It’s been some while since I performed any proactive genealogical research. However, around 15 years ago this eccentric hobby took up a good deal of my time and energy, and I found great satisfaction in being able to assemble, however incompletely, the extraordinary jigsaw that resulted in the person that is me today. There’s a suicidal, alcoholic, wife-beating shoemaker; a city gentleman, estranged from his wife, who died alone in a cinema; a royal lady-in-waiting; umpteen agricultural labourers. All these tiny facts have filtered through, and I know they are still not the whole story.
The extraordinary When The Rain Stops Falling at the Sewell Barn Theatre (commonly referred to as WTRSF by the cast and crew) pieces together, in the same addictive and painstaking way, lives across eighty years and two opposite points on our planet. Slowly, without fanfare or sensationalism, each fact slips into place, and finally we understand better (but never completely) who these people are and how they come to be connected. Complex, challenging, truthful and compelling, it takes concentration and commitment, from both audience and performers, beyond almost any other show I’ve ever seen; but the rewards are enormous.
Ginny Porteous guided her cast through this tense network with a sure hand and a clear vision. The extraordinary rain-themed images and back projections, the insistent two-note guitar refrain, the white furniture and fittings, the beautifully-painted postcards on floors and tables, all made wonderful use of the quirky space that is the Sewell Barn.
The nine members of the cast all rose to these substantial challenges – mentally leaping around between eras and continents – with aplomb. Every single performance was a masterpiece of integrity and skill, and it therefore feels (as always) disingenuous to isolate individual performances. However, I have to do just that in the case of the two Elizabeths (Jenny Hobson and Jo Parker-Sessions), whose joint intense focus and intelligence were emotionally shattering.
The play defies classification (tragical-comical-historical-pastoral). There were many laughs, some of recognition; intakes of breath, for shock or heart-sinking realisation; smiles of satisfaction when another piece of the jigsaw dropped into place. Like Airswimming, this is not a show for glib distraction or easy entertainment; it’s far, far more worthwhile than that. To refuse the opportunity to see it on the basis of ‘I’ve never heard of it’ or ‘it’s probably not my sort of thing’ is, to me, akin to insisting on eating nothing but English fish & chips when on holiday in some exotic part of the world.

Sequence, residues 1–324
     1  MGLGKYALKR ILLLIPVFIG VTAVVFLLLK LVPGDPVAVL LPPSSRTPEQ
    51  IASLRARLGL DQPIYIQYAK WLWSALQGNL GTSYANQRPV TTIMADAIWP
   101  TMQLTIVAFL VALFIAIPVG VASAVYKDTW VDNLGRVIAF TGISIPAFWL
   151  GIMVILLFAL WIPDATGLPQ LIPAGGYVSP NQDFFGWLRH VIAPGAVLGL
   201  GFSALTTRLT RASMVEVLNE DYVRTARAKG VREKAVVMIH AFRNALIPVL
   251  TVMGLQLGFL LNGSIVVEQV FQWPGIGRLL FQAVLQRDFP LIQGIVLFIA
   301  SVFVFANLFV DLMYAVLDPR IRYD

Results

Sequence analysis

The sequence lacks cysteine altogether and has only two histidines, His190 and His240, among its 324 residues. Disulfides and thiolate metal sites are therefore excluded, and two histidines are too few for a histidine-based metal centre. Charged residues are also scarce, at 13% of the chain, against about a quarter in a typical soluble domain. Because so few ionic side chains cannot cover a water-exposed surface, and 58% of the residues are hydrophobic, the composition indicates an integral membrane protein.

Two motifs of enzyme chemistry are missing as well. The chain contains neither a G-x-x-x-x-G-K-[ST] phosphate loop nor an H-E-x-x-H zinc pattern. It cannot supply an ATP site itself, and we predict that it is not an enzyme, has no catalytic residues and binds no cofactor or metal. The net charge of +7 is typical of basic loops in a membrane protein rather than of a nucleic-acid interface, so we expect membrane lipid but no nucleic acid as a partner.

When my husband and I returned from seeing the show, we (as usual) browsed around the internet for further information on this play that had had such a profound effect on us. We found an excellent review – a blog post in a series by Brendan Lemon, focused on the production of this play at the Lincoln Center Theater in New York in early 2010 – which sums up the emotional value: “…the unsentimentality …means EARNED emotion rather than the unearned, easy variety habitually served up by plays and movies and TV shows”. He goes on to say that “It is only sentimental if you think that loss of loved ones is a tra-la-la type of occasion. If you do, then Rain probably wasn't for you. For the rest of us, the production reminded us why we go to the theater.”
Quite. This is the second production in succession at the Barn that has come into the ‘unusual’, ‘risky’ category of ‘earned emotion’ – and both have moved me deeply, made me think very hard, and proved their worth beyond doubt over the attractions of a night at home in front of the tv.
Just remember: 3D entertainment has been around for thousands of years. It’s called theatre.